Zeal may be defined as an ardent devotion to persons, principles, causes and things, expressing itself in enthusiastic activities on their behalf. Zeal is a compound grace, that is, it consists in a number of Christian graces as its elements. Chief among these are faith, hope, self-control, patience, piety, brotherly love and unselfish, disinterested love. Other graces include combativeness, aggressiveness, providence, generosity, industriousness, self-sacrificingness, bravery, humility, reverence, joy, obedience, meekness, magnanimity and faithfulness.
Abuses of Zeal
Zeal has been greatly abused. Perhaps its greatest abuse has been that of persecution. Saul of Tarsus, before his conversion to Christ, is a good example. Zeal without knowledge is another gross abuse of zeal. Paul tells us that it was through ignorance and unbelief that he so persecuted the Church. But zeal without knowledge operates in many other areas beside persecution. How often misguided and ignorant zeal marks parents in dealing with their children, teachers with their pupils, yes, and even consecrated Christians with their hearers and some features of their messages!
Another abuse of zeal is tactlessness. The zealous person who lacks a good amount of secretiveness is quite prone to couple his zeal with tactlessness. Again, when witnessing to others, offering too strong meat to outsiders, beginners and those not far advanced in an understanding of God’s Plan, is a fault in zeal that produces evil effects on these three classes of people. Frequently zeal is coupled with more or less of arrogance and insolence, which spoils efforts of zealous people. Zeal in a wrong cause is surely harmful to the one exercising zeal, and often to the objects of such zeal’s endeavors. Excessive zeal, such as over-study and over-effort contribute its evils to self and others. Sometimes zeal is abused by too much persistence. The fact that zeal is capable of so many abuses proves that it is a quality that requires a sound mind, a good heart and a firm will to make it a real servant of truth, righteousness and holiness.
Zeal has an important function in our characters. Through it, all progress in the steps of the Christian life – world-denial and self-denial, study, spread and practice of God’s Word, prayer and watchfulness and patient endurance amidst untoward experiences – is wrought and our development in grace, knowledge and service is advanced.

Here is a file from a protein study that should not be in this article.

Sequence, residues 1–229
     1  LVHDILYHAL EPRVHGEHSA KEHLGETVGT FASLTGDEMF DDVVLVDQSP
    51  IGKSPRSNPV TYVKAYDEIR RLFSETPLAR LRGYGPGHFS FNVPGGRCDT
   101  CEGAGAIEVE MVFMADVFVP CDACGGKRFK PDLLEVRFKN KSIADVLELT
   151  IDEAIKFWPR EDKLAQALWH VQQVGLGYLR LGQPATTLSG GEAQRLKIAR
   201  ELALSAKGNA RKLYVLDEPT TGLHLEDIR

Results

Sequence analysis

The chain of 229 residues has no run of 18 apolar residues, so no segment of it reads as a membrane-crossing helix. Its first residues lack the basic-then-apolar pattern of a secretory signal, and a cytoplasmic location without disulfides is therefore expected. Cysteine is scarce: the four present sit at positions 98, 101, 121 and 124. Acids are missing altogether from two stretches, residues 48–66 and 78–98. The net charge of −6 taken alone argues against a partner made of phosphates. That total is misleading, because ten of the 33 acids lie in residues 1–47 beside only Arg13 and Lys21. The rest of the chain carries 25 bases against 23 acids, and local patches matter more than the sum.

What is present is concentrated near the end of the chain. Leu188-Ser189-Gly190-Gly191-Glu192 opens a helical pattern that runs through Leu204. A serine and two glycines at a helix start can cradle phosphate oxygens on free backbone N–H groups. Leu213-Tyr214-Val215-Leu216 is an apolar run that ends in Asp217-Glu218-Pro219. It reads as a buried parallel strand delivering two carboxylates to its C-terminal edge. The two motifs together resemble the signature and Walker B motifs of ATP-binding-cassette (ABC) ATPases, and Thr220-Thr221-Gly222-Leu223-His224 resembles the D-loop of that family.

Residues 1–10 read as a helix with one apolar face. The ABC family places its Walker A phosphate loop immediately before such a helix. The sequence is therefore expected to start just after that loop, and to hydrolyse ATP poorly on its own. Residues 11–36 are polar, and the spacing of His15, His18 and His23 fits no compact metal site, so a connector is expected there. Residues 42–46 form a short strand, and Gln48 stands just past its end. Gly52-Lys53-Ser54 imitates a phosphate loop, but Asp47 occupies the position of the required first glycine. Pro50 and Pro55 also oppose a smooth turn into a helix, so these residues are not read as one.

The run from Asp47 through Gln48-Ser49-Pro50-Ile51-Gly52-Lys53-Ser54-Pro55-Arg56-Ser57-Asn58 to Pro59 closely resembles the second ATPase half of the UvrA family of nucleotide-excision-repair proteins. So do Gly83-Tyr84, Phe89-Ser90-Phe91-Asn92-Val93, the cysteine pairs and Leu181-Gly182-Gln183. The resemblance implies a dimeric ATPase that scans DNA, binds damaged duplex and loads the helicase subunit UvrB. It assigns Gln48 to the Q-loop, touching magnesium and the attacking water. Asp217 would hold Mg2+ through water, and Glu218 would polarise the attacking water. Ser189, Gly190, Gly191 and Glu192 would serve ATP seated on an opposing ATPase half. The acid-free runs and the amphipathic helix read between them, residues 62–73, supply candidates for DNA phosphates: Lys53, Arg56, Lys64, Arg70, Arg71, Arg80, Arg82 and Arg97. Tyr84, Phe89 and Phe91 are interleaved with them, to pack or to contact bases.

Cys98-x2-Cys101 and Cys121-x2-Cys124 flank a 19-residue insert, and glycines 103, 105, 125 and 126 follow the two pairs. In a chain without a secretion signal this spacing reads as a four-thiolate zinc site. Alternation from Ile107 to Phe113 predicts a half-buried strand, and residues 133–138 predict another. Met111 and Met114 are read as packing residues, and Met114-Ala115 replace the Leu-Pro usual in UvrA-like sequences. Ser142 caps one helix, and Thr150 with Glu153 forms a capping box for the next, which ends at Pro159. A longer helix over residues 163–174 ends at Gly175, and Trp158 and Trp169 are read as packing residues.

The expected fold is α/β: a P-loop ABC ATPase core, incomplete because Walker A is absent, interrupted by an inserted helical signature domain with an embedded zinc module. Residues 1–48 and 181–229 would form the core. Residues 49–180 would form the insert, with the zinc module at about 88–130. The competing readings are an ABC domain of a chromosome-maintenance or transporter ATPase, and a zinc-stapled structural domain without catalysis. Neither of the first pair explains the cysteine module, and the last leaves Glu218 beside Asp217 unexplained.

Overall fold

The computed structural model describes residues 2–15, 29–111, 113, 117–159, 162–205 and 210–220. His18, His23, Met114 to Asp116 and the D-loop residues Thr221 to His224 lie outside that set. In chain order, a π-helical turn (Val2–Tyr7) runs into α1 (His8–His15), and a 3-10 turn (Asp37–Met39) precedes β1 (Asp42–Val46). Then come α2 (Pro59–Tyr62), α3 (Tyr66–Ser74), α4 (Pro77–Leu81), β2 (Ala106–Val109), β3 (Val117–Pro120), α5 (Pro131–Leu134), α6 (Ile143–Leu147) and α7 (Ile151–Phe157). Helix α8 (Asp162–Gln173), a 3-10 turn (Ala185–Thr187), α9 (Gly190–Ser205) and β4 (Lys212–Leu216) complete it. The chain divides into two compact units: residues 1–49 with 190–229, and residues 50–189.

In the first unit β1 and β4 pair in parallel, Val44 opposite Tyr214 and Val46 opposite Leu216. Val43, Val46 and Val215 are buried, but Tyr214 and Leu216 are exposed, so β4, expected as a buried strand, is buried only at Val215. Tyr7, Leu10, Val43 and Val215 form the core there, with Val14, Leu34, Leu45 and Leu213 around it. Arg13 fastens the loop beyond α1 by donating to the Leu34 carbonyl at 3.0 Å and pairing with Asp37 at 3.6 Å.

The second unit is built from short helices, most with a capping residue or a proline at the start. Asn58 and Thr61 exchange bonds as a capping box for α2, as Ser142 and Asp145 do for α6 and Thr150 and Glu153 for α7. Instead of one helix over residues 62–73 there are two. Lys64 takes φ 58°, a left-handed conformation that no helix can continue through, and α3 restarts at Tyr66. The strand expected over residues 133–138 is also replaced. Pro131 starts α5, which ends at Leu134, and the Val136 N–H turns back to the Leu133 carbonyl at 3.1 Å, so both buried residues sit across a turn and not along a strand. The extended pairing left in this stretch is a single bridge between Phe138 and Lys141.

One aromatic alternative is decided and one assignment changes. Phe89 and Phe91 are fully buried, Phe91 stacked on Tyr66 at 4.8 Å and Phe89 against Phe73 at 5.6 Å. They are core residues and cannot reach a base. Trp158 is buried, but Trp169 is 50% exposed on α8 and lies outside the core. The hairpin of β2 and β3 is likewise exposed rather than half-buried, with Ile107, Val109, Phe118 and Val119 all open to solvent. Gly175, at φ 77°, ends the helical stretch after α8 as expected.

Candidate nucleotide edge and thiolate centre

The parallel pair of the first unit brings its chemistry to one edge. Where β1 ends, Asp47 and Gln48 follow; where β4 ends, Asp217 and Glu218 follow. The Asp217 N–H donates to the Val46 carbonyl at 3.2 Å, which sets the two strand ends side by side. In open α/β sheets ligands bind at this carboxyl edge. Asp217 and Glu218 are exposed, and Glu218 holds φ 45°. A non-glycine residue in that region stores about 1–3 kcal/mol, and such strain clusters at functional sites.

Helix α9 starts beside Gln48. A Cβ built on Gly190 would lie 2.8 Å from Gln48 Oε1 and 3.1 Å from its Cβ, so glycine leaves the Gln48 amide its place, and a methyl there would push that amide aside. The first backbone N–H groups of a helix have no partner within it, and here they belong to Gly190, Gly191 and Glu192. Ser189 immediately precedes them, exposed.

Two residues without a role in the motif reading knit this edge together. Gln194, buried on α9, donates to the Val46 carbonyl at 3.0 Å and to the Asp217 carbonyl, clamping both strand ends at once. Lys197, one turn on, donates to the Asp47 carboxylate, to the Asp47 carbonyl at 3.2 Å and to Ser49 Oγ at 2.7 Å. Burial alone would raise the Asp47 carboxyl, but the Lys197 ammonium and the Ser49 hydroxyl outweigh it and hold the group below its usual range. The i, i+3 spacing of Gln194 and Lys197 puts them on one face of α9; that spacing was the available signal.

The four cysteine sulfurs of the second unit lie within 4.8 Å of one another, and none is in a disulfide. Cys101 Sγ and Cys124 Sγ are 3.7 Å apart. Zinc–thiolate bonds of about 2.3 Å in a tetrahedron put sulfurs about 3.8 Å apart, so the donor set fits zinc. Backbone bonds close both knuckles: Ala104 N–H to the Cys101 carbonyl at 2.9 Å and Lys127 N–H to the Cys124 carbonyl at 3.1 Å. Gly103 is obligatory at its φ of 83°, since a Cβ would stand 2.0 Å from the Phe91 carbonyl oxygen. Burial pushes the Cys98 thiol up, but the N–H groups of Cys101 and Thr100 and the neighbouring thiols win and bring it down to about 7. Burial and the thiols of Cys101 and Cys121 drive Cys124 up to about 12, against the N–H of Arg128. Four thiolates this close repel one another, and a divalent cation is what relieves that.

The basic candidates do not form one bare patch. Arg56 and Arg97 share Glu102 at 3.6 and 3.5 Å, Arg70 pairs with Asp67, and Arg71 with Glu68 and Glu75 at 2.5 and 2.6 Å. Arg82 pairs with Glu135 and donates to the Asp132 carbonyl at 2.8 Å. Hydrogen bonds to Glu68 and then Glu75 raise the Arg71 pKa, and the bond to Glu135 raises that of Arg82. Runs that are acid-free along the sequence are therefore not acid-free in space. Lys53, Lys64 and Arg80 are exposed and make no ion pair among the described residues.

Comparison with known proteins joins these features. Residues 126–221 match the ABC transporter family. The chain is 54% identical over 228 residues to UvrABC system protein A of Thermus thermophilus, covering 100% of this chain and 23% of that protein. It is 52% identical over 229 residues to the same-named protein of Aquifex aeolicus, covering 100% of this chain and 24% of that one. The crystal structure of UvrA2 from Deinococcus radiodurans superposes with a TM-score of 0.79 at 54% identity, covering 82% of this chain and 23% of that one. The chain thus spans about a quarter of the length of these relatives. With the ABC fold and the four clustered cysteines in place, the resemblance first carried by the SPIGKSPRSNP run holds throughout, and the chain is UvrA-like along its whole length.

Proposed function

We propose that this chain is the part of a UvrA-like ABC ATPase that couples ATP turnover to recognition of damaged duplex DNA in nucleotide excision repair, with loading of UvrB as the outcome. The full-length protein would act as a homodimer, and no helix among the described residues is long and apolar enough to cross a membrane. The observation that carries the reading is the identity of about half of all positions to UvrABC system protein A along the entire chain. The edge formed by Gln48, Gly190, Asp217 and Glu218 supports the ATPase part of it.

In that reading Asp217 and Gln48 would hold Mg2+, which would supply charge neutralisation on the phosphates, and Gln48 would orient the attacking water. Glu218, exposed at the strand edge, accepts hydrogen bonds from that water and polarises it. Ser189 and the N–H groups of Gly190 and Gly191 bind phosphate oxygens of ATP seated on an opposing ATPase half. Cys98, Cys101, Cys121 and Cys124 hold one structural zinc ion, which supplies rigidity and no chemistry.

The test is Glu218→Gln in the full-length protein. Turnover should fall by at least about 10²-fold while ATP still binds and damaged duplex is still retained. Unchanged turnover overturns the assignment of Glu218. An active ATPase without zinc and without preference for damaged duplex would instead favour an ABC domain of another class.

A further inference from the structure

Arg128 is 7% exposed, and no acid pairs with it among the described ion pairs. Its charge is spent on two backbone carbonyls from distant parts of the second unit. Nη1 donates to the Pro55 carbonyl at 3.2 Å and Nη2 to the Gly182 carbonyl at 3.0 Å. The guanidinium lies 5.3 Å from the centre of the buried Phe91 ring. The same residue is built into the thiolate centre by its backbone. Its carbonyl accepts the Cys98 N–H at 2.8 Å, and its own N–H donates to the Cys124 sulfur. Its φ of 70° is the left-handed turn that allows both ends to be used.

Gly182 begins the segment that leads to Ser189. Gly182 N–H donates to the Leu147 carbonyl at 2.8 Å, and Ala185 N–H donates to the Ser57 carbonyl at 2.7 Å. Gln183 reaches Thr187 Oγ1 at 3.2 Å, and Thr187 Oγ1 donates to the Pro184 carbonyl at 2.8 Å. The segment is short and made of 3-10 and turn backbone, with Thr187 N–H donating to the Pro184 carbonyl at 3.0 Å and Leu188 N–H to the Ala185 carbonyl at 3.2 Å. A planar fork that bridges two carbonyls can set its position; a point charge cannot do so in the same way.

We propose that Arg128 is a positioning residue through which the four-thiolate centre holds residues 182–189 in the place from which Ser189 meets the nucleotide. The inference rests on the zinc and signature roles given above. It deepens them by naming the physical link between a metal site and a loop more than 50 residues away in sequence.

Repression of Zeal
But zeal once cultivated may be decreased and repressed. Examples of such decrease of zeal are apparent in the seven stages of the Church as recorded in the Bible and Church history. This included the forgetting of their first love, boasting, reliance on organization and self-sufficiency. Selfishness in any form will repress zeal. So will worldliness in any of its forms accomplish the same thing. Sin in its less willful forms and error in its less deadly forms also effect the diminishing of our zeal.
Some go even further and suppress their zeal altogether; and some proceed even further than this; for they allow their overweening love for selfishness and worldliness in their various forms to gain full dominance, and give themselves up to fully willful sin and fatal error in one form or another, and thus destroy their zeal. And in almost every case the start toward this fatal end of their Christian course was the forgetting of their first love and the slackening of their zeal.
Examples of Zeal
Let us consider some examples of zeal in specially zealous Bible characters as encouraging us to be zealous. Moses’ zeal on behalf of the oppressed Israelites, against Pharaoh on Israel’s behalf and on God’s behalf against Israel’s idolatry; David’s zeal for the ark and God’s house, and his fighting the Lord’s battles; Jesus’ zeal in all the affairs of His ministry is our chief example; Peter’s and John’s zeal before Jewish audiences and the Sanhedrin; and Paul as a herald of the Gospel, as an endurer for the Truth, righteousness and holiness, as a helper of the brethren and as a Truth writer. There are also numerous examples of non-Biblical characters all down through the Gospel Age who give us inspiring examples of zeal. And now it remains for us to imitate their zeal, to the glory of God and Christ and the edification of ourselves and others, that thus we may realize God’s purpose to make us zealous of good works (Titus 2: 14).